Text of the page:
If you're a parent of a toddler you'll know a tantrum can strike at any moment, but of course they usually happen in unwelcome public places like the mall or church.
The signs will be recognisable to many parents: Crying, kicking, stiffening limbs, going red in the face. Often once you've reached this point, a full-scale nuclear meltdown is en route, whether it's an appropriate time or not.
But a parenting expert says it's important to remember toddler tantrums are sometimes the only way children between the ages of one and three can express their feelings, or try to understand or change what's going on around them.
Director of UK nursery chain Maggie and Rose Lucy Prew told The Sun that young children "simply don't have the words to express big emotions, their social and emotional skills are only just starting to develop, and they're beginning to learn that the way they behave can influence the way other people behave too".
She's given some of her top tips for stopping a tantrum in its tracks before it starts.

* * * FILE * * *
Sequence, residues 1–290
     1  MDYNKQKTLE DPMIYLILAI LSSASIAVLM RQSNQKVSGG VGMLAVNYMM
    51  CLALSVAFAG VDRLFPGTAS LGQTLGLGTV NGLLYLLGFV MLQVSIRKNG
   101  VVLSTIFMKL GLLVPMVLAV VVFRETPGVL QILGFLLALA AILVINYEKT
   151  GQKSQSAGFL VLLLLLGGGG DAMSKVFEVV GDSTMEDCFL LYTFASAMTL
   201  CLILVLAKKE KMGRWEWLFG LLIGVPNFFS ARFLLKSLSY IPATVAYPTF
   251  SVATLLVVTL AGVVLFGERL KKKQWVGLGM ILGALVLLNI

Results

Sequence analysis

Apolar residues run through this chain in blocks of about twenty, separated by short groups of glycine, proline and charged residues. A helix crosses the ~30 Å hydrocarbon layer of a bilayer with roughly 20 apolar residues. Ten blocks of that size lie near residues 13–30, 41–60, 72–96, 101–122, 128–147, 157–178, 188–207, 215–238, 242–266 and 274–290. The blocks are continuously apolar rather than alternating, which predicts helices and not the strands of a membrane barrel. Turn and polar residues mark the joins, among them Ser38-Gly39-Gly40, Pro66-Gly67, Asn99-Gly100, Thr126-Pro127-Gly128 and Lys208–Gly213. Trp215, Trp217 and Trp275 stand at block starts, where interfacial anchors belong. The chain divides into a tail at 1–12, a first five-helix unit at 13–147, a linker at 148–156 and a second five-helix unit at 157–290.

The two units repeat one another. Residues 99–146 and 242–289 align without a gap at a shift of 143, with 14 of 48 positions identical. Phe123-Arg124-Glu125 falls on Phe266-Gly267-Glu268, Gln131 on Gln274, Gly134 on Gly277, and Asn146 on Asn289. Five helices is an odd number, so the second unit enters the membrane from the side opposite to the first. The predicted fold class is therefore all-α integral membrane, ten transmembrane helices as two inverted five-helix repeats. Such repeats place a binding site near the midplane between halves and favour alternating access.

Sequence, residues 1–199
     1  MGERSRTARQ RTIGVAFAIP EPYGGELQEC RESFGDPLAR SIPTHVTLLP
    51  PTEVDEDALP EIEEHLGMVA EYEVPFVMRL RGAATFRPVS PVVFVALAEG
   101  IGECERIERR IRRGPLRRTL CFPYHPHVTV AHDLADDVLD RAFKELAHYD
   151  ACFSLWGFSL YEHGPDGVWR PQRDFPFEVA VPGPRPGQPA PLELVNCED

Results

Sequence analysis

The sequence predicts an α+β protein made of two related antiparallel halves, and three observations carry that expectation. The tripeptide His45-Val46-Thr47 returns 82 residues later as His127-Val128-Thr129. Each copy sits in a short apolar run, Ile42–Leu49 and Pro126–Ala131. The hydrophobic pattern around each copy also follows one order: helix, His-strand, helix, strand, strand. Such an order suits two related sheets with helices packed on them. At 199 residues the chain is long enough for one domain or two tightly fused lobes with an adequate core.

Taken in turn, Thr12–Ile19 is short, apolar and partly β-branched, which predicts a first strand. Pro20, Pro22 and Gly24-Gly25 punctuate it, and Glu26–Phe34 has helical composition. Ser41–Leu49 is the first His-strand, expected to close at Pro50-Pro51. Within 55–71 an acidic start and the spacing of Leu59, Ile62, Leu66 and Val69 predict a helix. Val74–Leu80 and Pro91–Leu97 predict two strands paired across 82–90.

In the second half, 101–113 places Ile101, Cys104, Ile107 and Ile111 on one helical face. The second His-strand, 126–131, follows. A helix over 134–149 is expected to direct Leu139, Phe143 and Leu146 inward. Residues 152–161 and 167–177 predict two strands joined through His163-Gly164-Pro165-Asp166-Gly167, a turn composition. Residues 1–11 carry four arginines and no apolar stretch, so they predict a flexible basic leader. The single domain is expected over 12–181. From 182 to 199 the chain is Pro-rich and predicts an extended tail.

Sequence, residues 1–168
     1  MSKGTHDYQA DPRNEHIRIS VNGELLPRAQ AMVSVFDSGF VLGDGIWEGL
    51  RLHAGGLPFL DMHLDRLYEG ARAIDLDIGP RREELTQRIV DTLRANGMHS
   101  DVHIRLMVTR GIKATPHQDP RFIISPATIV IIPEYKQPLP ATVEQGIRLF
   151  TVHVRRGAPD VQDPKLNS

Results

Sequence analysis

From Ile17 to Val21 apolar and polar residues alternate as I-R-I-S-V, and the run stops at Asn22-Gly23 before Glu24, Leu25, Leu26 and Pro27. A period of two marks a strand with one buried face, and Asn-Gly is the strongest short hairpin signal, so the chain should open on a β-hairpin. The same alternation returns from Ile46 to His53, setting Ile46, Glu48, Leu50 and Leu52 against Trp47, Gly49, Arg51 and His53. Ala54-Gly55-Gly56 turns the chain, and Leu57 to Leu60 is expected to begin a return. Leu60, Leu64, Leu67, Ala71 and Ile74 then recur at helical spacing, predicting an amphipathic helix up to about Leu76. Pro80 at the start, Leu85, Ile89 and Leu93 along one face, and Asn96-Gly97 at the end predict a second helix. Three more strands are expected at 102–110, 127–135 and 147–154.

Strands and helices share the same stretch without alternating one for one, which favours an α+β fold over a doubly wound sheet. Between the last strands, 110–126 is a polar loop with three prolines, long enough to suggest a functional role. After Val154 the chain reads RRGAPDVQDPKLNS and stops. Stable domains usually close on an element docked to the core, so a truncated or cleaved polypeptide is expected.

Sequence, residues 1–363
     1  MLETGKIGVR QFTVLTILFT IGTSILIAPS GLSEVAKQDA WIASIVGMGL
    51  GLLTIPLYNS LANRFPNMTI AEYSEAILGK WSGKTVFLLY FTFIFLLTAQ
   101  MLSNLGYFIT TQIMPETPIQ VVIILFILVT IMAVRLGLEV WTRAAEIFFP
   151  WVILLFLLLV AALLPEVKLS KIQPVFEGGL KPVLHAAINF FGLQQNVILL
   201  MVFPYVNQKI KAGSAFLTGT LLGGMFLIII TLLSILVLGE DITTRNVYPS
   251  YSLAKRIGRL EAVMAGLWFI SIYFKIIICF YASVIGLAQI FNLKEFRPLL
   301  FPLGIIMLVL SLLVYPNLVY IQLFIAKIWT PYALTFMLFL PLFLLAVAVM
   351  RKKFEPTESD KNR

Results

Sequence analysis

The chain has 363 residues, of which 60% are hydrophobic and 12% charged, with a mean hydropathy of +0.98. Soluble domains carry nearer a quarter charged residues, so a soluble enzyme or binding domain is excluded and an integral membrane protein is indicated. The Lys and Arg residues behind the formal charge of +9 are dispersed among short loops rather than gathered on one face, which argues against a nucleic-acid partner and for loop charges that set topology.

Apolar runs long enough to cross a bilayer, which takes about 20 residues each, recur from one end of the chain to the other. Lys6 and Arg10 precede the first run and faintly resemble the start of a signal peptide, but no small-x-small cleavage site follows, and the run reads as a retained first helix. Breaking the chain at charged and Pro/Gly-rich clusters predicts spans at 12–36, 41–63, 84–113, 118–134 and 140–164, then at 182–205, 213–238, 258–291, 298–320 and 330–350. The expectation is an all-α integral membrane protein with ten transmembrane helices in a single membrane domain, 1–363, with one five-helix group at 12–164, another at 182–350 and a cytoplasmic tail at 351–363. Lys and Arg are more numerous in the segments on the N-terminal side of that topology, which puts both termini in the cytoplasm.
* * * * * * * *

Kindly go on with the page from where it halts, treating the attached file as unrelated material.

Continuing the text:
Prew said one of the most important things to remember is how normal a toddler's tantrum is.
"Above all, recognise this is a normal reaction as your child is learning to develop emotionally and socially," she said.
"Rather than letting the tantrum press your buttons, try your best to put yourself in your little one's shoes.
"It will help you to quickly assess what is happening and how best you can support them."
Reduce your child's stress
"Keep an eye out that your little one is having regular food and drink, not getting over-tired or overstimulated," said Prew.
Look for triggers
"If you can identify situations and environments in which your child is more likely to feel overwhelmed, you can better plan to reduce the emotional impact," said Prew.
"For example, if your supermarket trip always ends in tears, consider changing the time of your visit so your little one has had a nap or snack beforehand.
"Talk to them ahead of the visit to set expectations as to what you're going to do: 'We are shopping for food only today, not toys. Would you like to be in charge of the list for me and check it off?'"
Don't rush in
"Don't rush in! Recognise that when your child is overwhelmed, their rational brain is limited," said Prew.
"Connect with them to calm them down by acknowledging what they are feeling before you offer a solution or say why it's not possible.
"For example, 'I'm here, you are safe.' Or 'I know you wanted that lollipop so badly.' Don't add on the 'but' or 'because' - they can't hear you until they have calmed down."
You can find the complete list of Prew's tips and things to watch out for in the full article.